Views: 57 Author: Site Editor Publish Time: 2021-09-15 Origin: Site
If you are looking for a way to add warmth and texture to any room in your home, you may want to consider hanging a tapestry on the wall. This textile art has been used to improve interior decoration for centuries, and now, Savvydeco makes it easier than ever to place wall-mounted houses in your home.
In recent years, wall hangings have become popular again. Once regarded as simple dormitory decoration or only used for bohemian decoration, it is now being valued for its artistic quality. More than ever, people like to use textiles to soften the interior decoration and bring some movement to the interior.
Whether you put the wall hanging on the bed, above the sofa or on the curved wall, traditional murals are difficult to hang, so modern wall hangings become the perfect decoration. Because they are lightweight, you don't need to worry about having to put anchors in the wall. In fact, tapestry has a lot of flexibility, even if you are renting and don't want to punch holes in the wall, tapestry will work properly. Velcro, nails and thumbtacks are all options for fixing flowing fabrics. However, if you want to make an elegant statement, you can dangle it on a pole, use a poster stand, or even frame it.
So where does the tradition of tapestries come from? We must go back to the Middle Ages to find the answer.
Although it was discovered that the tapestry can be traced back to ancient Greece, it was indeed during the 14th century AD that they found a foothold. These textiles are popular throughout Europe and are woven by hand on looms. Although cotton, linen and wool are popular materials, it is not uncommon to find that silver, gold and silk are woven into more gorgeous tapestries. These magnificent statements are often hung on the throne, and their portability allows kings and nobles to collect them and take them to different residences.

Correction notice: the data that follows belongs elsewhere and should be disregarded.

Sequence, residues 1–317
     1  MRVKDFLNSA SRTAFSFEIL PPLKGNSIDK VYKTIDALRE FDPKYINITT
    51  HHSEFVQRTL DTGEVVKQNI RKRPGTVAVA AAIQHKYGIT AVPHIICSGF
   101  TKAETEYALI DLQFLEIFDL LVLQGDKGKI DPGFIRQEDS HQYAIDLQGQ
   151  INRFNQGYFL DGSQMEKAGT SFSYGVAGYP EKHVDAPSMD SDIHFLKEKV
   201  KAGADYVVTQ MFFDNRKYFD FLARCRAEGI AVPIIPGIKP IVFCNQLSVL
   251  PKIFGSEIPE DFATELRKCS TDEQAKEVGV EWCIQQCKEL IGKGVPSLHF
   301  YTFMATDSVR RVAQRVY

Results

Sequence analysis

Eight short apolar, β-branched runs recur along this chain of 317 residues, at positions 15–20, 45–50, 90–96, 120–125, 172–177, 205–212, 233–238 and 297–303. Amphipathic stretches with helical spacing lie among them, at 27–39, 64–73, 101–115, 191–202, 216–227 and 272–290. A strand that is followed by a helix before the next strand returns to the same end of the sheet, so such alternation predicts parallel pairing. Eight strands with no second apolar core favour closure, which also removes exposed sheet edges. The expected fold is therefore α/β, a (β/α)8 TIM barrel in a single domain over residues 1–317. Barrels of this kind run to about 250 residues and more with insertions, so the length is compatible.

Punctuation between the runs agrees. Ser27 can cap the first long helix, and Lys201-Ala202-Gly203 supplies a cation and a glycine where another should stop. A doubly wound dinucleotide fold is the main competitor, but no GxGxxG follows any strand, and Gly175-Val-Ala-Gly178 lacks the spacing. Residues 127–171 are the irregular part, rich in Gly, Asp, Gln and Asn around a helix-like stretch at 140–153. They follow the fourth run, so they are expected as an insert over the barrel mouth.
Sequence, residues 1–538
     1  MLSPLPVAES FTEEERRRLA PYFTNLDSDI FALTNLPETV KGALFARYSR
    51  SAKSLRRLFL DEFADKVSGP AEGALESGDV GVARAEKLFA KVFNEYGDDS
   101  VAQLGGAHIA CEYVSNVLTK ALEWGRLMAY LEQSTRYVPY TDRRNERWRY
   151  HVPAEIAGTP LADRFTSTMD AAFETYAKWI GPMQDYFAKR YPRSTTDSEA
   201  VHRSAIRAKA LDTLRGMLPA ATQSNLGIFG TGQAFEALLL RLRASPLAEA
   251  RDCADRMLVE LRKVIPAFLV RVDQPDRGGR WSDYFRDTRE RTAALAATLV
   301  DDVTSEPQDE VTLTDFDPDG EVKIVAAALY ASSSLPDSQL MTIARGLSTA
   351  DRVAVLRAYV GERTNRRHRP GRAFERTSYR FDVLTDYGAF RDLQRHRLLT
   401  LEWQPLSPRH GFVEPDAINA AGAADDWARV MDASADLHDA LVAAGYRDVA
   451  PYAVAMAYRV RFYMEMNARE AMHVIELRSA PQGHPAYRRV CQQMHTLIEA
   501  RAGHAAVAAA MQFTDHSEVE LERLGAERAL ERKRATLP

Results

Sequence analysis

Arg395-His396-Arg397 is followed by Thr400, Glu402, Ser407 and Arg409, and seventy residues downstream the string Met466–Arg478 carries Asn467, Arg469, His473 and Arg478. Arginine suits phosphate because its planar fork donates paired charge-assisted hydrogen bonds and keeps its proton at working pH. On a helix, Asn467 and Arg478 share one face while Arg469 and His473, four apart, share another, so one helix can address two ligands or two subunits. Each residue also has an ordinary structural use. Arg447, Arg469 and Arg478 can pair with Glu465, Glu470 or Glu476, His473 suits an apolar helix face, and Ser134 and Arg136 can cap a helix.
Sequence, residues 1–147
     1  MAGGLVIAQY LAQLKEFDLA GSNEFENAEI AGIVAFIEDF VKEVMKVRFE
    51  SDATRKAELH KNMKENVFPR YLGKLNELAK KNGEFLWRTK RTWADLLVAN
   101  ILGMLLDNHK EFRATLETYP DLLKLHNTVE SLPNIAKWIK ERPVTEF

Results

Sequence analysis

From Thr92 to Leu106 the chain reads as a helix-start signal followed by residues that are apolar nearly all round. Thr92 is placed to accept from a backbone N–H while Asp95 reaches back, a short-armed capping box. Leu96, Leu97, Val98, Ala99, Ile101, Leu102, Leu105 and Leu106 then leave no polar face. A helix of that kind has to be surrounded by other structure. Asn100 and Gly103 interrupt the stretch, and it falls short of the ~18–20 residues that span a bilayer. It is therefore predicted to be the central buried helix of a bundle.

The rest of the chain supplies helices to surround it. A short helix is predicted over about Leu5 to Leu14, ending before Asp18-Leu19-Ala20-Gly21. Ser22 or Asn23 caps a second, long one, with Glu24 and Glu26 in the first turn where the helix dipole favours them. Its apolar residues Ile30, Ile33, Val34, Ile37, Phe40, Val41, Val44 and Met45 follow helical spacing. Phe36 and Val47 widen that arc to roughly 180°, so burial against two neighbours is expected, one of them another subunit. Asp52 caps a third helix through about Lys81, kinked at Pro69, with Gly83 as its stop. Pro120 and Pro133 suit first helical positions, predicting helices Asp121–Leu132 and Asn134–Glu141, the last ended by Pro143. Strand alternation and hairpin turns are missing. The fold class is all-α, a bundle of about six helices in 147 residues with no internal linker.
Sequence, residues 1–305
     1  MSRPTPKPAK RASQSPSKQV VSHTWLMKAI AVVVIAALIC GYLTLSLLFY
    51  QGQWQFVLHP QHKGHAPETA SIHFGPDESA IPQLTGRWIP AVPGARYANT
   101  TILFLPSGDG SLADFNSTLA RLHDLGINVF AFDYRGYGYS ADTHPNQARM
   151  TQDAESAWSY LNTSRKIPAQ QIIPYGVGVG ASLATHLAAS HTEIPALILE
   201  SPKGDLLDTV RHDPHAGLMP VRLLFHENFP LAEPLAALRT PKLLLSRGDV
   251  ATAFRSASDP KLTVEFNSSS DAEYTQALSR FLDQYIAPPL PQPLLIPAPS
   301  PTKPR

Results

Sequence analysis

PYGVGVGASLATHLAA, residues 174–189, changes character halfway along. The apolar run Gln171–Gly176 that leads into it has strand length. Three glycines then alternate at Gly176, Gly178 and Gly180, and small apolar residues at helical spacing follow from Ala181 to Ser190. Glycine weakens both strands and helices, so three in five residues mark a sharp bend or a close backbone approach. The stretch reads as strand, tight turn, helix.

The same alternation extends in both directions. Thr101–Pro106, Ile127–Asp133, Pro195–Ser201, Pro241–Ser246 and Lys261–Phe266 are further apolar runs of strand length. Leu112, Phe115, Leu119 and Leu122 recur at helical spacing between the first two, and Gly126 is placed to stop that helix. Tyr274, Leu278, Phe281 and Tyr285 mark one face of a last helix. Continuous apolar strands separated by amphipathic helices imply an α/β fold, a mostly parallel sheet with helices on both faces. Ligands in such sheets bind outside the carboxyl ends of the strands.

Although Germany and Switzerland were home to early workshops, the media did make strides in Flanders in the 16th century. There, studios full of skilled artists flourish, and they often collaborate with today's best artists to design and produce a large number of tapestries. A good example is the tapestries designed by Raphael, which are still hung in the Vatican Museum in Rome, Italy.
Later, in the 19th century, William Morris created fashionable wall hangings based on the design of pre-Raphaelite artist Edward Burne-Jones, thus reviving the art of tapestry making.
After the Second World War, artists began to transform into weavers and began to make their own designs. Tapestry exhibitions began to appear throughout Europe and the United States to give their work value. Art courses began to teach fiber art, and by the 1980s it became a popular part of art schools.
The continued enthusiasm for tapestries is a testament to the lasting legacy of these artworks.
Now that we have understood how tapestries are used in the home and their history, it is time to find the perfect artwork for your interior decoration. With nearly five million tapestries to choose from, Savvydeco's choices may seem daunting, but they make things easier. You can filter by collection, theme, shape and color to quickly narrow down your choices and find the ideal tapestry.